André Masson, born on January 4th 1986, is a major ﬁgure of the surrealist movement and considered one of the fathers of automatism, and a strong inﬂuencer of the abstract expressionist movement which was born in New York during the 1940's. Masson's career as a surrealist will truly take shape in 1922, after his move to the Atelier Blomet, which will become to the surrealists what the Bateau Lavoir was to the cubists. His close contact to Joan Miro will take Masson's artistic production to an irrational level, one that he had not reached before. A couple years later, Masson will become one of the most important artists to sign with the Galerie Simon, gallery of the famous dealer Henri Kanhweiler. Masson's involvement with his dealer, and the artists of the gallery, notably Juan Gris, will keep cubism essential to Masson's early surrealist works. With the likes of Joan Miro and Max Ernst, Masson will always push the boundaries of experimentation, integrating various techniques, material and support into his production. In 1927, Masson will begin experimenting with sculpture, using terracotta, argyle and plaster.
Famous for his "automatic drawings" and his "sand paintings", he is marked - on an aesthetic level - by "the spirit of metamorphosis" and "the mythical invention" and - on an ethical level - by a Visceral anticonformism, including within the surrealist group from which he eventually moves away Masson remains a true surrealist: never throughout his artistic production does he abandon the surrealist aesthetics.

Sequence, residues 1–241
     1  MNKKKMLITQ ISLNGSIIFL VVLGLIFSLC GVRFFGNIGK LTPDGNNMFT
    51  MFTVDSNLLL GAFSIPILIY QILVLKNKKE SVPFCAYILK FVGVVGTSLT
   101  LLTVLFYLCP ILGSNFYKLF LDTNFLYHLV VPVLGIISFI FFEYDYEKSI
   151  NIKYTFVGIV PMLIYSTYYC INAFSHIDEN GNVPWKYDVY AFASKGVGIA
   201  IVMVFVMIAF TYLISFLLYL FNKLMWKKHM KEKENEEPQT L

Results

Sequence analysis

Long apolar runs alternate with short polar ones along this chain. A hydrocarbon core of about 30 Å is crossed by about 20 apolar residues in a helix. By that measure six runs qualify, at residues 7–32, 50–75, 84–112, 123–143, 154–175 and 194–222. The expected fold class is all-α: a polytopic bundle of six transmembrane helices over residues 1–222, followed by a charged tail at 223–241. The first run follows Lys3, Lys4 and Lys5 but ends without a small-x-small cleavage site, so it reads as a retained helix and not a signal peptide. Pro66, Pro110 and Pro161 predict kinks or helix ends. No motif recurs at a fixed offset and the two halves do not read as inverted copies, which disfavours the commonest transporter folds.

Having narrowly escaped death during the First World War, and being sensitive to the writings of Sade and his friend Georges Bataille, his work can be interpreted as an uncompromising questioning of human barbarity and perverse behavior. This preoccupation with all aesthetic considerations taking a primary role in his artistic language, criticism explains the role he plays in modern art by the fact that "he never cared to please."
His inﬂuence is mainly notable in New York during the Second World War, where he stays ﬂeeing Nazi Germany. His paintings break with the classic pattern of ﬁgures standing out against a background (to best symbolise the state of mental confusion that - according to him - governs his century), they serve as references to the painters Jackson Pollock and Arshile Gorky, founders of abstract expressionism.